In 2009 I posted on an inappropriately rejected paper by Reynold Stone of the Faculty of Science and Agriculture, The University of the West Indies, St. Augustine, Trinidad and Tobago, West Indies. The post was
As reported in that post a Comment submitted to JGR-Atmospheres titled “Recent changes in climate extremes in the Caribbean region” by lead author Dr. Thomas Peterson and 16 co-authors to the Journal of Geophysical Research – Atmospheres was unfairly rejected by the Editor without even making it to reviewers.
Despite such bias, Reynold has thankfully persisted to present his scientific results and his new paper has successfully passed through the gauntlet of peer review of papers that present a different perspective than presented by Tom Peterson, Tom Karl and other similar individuals who are seeking to surpress research that conflicts with their studies.
Reynold’s new paper is
Stone, Reynold J., 2011: Comments on ‘‘Observed Trends in Indices of Daily Temperature Extremes in South America 1960–2000’’. Journal of Climate Volume 24, Issue 11 (June 2011) pp. 2880-2883 doi: 10.1175/2011JCLI3662.1
Among his findings are [highlight added]
It is now quite clear that our homogeneity testing results for individual stations corroborate our earlier results, which had revealed the presence of abrupt step changes in the two regional data series around the middle to late 1970s and consequently invalidate the claim of a significant increasing linear trend in nighttime warming.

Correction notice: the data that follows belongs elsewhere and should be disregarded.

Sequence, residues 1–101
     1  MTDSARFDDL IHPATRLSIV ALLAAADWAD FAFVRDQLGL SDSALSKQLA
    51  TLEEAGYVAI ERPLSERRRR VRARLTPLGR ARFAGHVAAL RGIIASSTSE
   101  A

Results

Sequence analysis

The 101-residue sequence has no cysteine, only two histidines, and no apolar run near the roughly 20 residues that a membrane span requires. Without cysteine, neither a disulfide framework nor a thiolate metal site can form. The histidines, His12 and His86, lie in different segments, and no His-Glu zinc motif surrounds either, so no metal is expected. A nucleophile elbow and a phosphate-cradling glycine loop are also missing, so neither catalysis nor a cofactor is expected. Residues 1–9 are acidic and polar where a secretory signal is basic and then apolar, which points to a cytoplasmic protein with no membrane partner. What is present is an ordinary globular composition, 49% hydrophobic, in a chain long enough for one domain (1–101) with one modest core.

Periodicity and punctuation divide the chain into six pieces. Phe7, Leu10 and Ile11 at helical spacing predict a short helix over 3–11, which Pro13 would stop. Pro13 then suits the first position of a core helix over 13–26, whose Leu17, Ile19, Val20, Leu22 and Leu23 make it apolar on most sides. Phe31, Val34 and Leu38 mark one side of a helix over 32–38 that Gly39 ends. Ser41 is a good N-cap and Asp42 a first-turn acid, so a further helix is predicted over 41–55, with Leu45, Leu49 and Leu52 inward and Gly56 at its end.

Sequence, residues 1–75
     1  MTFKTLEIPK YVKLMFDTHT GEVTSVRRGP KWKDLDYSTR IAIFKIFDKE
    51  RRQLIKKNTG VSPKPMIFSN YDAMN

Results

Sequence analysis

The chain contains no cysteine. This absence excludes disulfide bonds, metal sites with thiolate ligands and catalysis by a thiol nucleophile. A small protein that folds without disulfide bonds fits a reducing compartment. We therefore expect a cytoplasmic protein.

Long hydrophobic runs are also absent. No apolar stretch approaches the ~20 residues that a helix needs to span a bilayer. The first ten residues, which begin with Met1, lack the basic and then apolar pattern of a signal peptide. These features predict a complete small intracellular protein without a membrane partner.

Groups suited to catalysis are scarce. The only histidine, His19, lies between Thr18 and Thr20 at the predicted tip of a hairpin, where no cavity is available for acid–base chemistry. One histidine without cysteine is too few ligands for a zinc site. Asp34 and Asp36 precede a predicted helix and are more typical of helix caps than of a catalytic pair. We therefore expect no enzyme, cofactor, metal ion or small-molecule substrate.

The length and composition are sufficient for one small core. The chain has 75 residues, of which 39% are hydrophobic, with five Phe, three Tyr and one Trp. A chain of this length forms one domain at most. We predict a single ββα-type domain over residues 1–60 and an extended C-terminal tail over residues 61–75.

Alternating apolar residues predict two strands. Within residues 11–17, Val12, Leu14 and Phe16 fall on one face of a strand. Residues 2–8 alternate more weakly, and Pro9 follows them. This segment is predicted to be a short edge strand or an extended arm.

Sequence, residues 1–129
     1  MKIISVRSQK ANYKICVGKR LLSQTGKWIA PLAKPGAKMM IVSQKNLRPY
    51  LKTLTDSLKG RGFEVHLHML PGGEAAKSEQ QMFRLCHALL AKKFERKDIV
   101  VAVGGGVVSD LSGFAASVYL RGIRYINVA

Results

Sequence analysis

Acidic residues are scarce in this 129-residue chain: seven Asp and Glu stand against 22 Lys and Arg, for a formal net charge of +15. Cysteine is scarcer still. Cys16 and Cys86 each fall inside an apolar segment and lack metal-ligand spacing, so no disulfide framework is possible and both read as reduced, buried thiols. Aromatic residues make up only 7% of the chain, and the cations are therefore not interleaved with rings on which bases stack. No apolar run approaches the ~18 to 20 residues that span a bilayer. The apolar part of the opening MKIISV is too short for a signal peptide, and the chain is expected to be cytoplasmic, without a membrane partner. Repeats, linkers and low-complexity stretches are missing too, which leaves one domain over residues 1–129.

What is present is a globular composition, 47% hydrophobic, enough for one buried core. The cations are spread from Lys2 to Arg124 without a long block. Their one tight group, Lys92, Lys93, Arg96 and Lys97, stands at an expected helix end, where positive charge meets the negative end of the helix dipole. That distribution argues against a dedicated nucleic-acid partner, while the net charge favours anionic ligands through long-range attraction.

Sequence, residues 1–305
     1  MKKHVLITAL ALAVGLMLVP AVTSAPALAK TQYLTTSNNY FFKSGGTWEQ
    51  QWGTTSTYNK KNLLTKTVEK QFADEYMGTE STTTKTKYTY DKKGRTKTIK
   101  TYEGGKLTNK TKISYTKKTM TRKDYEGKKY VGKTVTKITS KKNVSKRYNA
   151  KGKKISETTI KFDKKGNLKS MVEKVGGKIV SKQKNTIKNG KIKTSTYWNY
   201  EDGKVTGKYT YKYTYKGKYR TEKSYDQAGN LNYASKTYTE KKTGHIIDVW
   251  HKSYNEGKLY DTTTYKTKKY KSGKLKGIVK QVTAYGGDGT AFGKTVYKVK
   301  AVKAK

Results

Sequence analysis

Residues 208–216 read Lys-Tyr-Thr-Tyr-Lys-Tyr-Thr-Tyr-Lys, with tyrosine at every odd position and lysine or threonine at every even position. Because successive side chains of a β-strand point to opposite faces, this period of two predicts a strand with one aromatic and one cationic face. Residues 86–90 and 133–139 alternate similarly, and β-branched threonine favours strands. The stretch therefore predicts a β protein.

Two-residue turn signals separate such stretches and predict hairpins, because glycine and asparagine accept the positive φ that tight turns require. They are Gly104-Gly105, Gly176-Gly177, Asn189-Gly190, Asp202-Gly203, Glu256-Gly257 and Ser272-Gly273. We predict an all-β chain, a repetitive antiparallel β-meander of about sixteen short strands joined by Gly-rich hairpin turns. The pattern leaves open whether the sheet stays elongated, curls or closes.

Kundzewicz and Robson (2000) offered the following cautionary words about this common statistical misuse of trend analysis, where test results can be significant for the ‘‘wrong’’ reason: ‘‘Even if a test result is significant it does not prove that the hypothesized change has taken place. For example, if there has been amarked step change in a data series then it is likely that a test for trend will give significant results—even though there is no trend.’’
The effect of the presence of abrupt step changes on the results of trend analysis was also highlighted by Hartmann and Wendler (2005), who deftly demonstrated how the 1976 Pacific climate shift biased the results of linear trend analysis in such a way that temperature trends before and after the shift differed substantially (even in sign) from the trend of the full time period.”
His conclusion reads
“In summary, we critically examined the Vincent et al. (2005) study and identified flaws in two fundamental areas, namely, homogeneity testing and trend analysis. We conclude that these flaws invalidate the reported findings of statistically significant decreasing and increasing linear trends in the percentage of cold nights and warm nights, respectively, in southern South America during the period 1960–2000. Thus, the putative significant increasing linear trend in regional nighttime warming was not real and is more likely an artifact of the well known 1976/77 Pacific climate shift coupled with the inappropriate use of linear regression for trend detection.”
This article provides another quantitative example of the lack of scientific robustnesss in the multi-decadal surface temperature assessments such as reported by NCDC, GISS and CRU.